UMBC Office of the Provost

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The Office of the Provost advances the intellectual life of our scholarly community through the support and advancement of our academic programs and the scholarship of our faculty and students. The Provost and Senior Vice President for Academic Affairs is the individual responsible for maintaining the academic integrity of our community by providing broad oversight of all programs of instruction and research to ensure their quality and advancement.


Recent Submissions

Now showing 1 - 20 of 32
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    Developing a State-System Model for Faculty Diversification
    (NASH, 2021-08-03) Boughman, Joann; Cresiski, Robin; Rous, Philip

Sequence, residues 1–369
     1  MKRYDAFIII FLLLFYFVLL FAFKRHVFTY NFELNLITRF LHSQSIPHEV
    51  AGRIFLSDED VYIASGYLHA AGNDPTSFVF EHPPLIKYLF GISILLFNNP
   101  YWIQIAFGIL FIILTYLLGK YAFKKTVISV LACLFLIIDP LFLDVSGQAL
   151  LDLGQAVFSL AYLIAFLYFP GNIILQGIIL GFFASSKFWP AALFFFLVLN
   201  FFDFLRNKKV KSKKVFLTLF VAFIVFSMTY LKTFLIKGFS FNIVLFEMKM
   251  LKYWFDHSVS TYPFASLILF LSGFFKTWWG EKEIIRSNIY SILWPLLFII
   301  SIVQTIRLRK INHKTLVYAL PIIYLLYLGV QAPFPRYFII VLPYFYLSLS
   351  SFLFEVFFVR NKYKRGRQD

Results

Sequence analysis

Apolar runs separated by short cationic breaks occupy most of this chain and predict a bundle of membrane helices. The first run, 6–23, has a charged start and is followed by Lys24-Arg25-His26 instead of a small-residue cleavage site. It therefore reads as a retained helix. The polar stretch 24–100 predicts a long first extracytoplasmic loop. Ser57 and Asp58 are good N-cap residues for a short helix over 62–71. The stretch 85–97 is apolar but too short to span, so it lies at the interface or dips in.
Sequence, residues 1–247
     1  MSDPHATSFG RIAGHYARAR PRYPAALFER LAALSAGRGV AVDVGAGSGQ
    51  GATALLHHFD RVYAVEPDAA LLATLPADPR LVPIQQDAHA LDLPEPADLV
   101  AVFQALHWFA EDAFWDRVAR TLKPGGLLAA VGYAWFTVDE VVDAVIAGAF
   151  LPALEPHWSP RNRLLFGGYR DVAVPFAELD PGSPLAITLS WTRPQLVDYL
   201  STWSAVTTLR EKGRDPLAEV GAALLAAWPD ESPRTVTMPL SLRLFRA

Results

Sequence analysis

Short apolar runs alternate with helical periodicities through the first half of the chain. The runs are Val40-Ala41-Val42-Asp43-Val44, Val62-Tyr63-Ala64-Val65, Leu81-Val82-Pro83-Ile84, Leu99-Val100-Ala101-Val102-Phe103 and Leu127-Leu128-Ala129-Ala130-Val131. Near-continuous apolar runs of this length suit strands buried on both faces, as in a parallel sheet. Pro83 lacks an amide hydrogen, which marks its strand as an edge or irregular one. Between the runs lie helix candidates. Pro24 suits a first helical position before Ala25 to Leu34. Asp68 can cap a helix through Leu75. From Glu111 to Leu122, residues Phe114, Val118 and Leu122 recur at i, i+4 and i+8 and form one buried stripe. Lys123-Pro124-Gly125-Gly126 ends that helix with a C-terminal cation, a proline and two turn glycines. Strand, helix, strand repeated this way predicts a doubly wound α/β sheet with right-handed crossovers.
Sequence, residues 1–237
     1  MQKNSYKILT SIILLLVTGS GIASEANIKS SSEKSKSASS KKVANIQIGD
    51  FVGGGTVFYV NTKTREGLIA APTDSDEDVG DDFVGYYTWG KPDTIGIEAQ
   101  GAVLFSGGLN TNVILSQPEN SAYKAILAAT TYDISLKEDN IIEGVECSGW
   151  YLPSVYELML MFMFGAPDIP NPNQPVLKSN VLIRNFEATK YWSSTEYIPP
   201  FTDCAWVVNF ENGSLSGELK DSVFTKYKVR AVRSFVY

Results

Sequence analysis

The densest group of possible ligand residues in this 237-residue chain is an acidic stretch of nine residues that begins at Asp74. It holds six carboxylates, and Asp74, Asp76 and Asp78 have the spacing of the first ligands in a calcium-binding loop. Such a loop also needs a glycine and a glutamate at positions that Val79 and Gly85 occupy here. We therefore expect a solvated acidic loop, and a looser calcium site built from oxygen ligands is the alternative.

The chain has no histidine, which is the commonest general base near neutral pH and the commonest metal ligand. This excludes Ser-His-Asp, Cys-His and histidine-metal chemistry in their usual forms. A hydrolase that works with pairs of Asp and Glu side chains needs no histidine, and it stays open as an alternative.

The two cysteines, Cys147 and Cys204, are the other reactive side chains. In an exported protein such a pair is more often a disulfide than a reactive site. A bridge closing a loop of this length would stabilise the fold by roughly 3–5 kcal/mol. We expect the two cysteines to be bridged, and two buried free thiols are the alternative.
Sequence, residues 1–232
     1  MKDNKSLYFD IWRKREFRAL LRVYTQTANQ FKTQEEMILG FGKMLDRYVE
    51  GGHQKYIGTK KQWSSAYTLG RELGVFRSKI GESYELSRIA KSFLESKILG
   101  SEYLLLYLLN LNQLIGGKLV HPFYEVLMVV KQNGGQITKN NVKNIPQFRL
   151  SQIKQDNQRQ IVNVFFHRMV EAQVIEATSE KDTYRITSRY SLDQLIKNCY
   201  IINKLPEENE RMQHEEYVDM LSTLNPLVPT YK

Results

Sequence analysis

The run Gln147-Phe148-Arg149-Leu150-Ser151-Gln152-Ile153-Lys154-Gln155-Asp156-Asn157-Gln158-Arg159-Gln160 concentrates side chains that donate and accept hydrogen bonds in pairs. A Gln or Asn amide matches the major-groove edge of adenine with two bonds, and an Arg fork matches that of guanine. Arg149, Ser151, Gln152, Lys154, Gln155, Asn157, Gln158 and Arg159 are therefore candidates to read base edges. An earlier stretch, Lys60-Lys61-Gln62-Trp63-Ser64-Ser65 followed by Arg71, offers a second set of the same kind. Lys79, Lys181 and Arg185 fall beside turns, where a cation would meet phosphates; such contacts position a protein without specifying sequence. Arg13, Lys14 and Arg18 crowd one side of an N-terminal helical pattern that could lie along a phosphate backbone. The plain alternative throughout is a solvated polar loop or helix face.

Maryland's AGEP PROMISE Academy Alliance (APAA) is developing a state system model to increase faculty diversity in the biomedical sciences through enhanced hiring practices, collaborative professional development opportunities, and creation of conversion processes to transition postdocs into tenure track positions. Alliance partners within the University System of Maryland include comprehensive universities, research universities and professional schools. Partnership and collaboration with system administration has been essential. The program aims to expand beyond biomedical sciences, beyond alliance institutions, and partner with other state systems interested in replication for an NSF INCLUDES proposal.
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    A New Effort to Diversify Faculty: Postdoc-to-Tenure Track Conversion Models
    (Frontiers, 2021-11-05) Culpepper, Dawn; Reed, Autumn M.; Enekwe, Blessing; Carter-Veale, Wendy; LaCourse, William; McDermott, Patrice; Cresiski, Robin H.